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2014 Season update

An update on this year’s growing season. So exactly how has this season been? ‘Compromise’ is most likely the best way to characterize it however that might be a little unfair as it’s not me who is tasting the produce, its the wife and little-ens! So here are our thoughts:

· Sweetcorn– In spite of keeping them in pots for much longer than I was supposed to, they recuperated swiftly and presented us with a fantastic harvest. I planted them with Courgettes and I must say that decision was the right one. No supplemental feeding was necessary and the fallen leaves covered the soil and resulted in the entire bed staying free of weeds all summer season.
· Potatoes: I opted for Second Earlies this season – after 2013’s blight problem, I have definitely learnt how to counter blight. Kestrel were planted in two beds and they grew very well. We currently have approximately 20kg for us to consume still, so I’m fairly delighted with how they all ended up.
· Onions: The Japanese Onions come out ok. The Spring onions were so-so.
· Courgettes: These did really well this season. We are actually still downing them even now! These will certainly return in 2014, I’m sure of it.
· Tomatoes: These took ages to come through this season and when they did they were second best. Perhaps excessively hot weather in July was a problem for them – I’m not sure.
· Cucumbers: These performed as well as the tomatoes really. These guys have their very own greenhouse so the environment is slightly different but fruiting was simply lacking this season. We ate a few of the large cucumbers and they were delicious but I’m overall disappointed with the yield.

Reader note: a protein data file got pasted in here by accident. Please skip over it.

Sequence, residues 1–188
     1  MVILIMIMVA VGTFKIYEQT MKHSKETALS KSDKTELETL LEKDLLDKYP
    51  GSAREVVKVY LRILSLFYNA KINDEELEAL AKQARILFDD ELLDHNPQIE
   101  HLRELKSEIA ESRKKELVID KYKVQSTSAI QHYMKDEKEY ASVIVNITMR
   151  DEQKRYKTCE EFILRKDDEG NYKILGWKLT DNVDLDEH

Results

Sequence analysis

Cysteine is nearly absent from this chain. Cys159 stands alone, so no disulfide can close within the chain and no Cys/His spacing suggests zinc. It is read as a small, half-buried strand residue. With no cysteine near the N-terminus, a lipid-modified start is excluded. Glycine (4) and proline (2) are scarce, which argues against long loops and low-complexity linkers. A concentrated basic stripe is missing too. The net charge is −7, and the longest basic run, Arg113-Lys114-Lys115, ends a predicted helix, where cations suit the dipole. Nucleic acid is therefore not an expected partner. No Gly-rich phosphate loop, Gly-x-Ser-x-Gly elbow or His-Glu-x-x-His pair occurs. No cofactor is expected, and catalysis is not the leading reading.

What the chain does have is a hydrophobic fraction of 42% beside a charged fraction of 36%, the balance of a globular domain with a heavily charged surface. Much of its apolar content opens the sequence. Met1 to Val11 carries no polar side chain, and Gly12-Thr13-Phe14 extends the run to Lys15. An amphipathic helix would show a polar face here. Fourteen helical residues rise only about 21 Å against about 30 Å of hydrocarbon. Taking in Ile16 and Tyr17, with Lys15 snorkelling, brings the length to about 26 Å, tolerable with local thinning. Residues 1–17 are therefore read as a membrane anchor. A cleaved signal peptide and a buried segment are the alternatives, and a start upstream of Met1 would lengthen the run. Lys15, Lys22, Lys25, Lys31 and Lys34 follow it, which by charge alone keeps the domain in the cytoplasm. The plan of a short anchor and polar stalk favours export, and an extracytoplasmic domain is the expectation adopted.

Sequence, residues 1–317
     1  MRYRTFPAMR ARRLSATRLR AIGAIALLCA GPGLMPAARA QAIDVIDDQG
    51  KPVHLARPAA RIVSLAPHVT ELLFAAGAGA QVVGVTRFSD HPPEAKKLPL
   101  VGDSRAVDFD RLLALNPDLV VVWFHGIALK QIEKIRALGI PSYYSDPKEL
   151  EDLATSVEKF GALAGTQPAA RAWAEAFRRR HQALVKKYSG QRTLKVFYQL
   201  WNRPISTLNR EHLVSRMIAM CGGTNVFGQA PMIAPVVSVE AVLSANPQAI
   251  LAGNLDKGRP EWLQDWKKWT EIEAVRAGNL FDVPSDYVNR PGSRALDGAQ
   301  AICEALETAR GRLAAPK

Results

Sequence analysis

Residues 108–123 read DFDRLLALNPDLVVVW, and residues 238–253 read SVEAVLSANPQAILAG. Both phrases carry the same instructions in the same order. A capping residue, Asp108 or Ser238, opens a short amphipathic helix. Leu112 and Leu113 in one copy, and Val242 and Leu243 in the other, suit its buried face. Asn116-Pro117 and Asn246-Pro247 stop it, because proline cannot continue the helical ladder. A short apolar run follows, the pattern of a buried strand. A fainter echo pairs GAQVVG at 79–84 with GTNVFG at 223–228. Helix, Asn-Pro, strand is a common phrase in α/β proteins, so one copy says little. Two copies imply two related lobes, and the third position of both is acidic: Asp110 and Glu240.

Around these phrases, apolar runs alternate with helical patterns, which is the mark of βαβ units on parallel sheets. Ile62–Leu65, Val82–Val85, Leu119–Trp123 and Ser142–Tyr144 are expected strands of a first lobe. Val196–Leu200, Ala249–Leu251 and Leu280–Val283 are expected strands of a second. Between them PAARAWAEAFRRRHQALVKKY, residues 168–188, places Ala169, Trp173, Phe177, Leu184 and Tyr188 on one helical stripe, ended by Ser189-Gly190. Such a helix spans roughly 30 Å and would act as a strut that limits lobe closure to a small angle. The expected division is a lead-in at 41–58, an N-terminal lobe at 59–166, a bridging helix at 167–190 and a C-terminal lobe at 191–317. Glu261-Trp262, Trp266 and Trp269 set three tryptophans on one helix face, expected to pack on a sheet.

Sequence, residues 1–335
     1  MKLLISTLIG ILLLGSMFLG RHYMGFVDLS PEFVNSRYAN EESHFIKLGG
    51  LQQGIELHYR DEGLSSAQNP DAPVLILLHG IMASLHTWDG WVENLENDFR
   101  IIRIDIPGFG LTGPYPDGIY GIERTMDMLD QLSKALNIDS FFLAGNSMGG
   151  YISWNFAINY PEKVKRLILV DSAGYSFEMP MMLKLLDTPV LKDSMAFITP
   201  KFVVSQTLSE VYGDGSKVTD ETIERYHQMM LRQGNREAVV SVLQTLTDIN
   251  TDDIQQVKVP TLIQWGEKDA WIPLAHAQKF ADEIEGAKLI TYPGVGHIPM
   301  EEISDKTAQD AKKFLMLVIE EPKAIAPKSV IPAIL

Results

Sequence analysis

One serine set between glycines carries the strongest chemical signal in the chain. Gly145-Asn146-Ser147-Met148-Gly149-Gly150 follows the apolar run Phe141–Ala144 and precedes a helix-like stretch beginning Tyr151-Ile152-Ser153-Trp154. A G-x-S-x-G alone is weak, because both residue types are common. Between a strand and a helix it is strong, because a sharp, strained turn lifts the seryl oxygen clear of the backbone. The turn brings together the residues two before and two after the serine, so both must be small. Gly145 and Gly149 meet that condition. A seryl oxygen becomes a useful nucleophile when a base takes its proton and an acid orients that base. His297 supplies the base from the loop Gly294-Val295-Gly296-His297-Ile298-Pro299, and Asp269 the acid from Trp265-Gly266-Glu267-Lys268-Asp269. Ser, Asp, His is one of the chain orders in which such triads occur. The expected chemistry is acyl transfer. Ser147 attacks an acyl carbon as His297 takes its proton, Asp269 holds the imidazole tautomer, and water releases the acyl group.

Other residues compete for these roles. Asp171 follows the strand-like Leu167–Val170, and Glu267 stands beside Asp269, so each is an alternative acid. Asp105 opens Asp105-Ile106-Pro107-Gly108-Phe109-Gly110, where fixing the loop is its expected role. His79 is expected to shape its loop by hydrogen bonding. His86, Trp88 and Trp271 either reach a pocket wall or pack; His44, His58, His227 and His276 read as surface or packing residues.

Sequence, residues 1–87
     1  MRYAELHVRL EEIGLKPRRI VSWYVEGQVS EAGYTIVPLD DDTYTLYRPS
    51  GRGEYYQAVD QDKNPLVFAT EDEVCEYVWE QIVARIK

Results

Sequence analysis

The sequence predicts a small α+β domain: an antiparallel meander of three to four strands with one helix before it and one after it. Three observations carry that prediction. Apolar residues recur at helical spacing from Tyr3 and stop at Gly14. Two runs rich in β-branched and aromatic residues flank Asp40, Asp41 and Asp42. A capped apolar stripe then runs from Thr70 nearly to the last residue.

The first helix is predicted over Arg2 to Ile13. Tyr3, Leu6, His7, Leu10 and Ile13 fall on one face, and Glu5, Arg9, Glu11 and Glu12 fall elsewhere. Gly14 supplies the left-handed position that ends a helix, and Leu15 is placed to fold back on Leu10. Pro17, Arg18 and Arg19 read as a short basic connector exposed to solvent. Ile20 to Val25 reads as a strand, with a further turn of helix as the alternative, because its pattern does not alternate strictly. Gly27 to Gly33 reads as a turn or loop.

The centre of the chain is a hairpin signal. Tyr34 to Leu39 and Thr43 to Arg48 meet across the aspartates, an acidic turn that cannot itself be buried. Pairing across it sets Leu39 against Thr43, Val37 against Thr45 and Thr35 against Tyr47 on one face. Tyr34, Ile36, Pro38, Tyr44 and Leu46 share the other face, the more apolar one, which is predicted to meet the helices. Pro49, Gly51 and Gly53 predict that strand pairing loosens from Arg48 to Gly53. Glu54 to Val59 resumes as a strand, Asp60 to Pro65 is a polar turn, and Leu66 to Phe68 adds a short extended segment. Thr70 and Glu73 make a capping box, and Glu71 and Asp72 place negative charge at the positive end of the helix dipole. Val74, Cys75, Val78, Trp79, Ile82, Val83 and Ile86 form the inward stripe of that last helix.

So just what should I plant next year? I’m certainly going to go with Potatoes and Sweetcorn as well as Courgettes, and also all the greenhouse/conservatory crops from this season. But I think I will give Leeks and Carrots a go next season, and maybe a couple of other suprises too. I will have to have a good think about just what else to plant, but for now, it’s just a case of putting the beds to rest with some home made compost and beginning some Leeks to overwinter them in the conservatory. Stay tuned for an update soon!

Fluorescent Grow Lighting

Standard fluorescent light bulbs are one of the most cost-effective options if you’re planning to make use of grow lamps. They can be utilized in low-cost store light fixtures or multitier growing setups, and they come in a range of different shapes and sizes. The light generated by fluorescent tubes is a lot less powerful compared to various other lighting options, so you are much more restricted in just what you are able to grow. If you’re simply attempting to add to natural illumination as opposed to completely substituting it, fluorescent illumination might be the thing for you. Fluorescent tubes can be found in cool, warm, or full-spectrum. Illumination from cool tubes has a blue hue, while warm tubes give off a pink/white light. Full-spectrum tubes approximate the color scheme of natural sunlight and are a little bit more pricey however gardeners tend to consider them worth the cost because the shade of the light does not distort the appearance of your plants. Much less light is given off from the ends of the fluorescent tubes compared to the middle, so plants with reduced light requirements need to be positioned under the 3 inches of tube at either side of the light fixture. Alternatively Compact Fluorescent Lights or CFL grow lights can be used as one would use a regular incandescent bulb, although the overall area covered by the light will be much reduced. In fact different types of fluorescent lights can be mixed and matched to optimize growing conditions. Fluorescent tubes must be changed every 18 months if they are being utilized for around 16 hrs each day.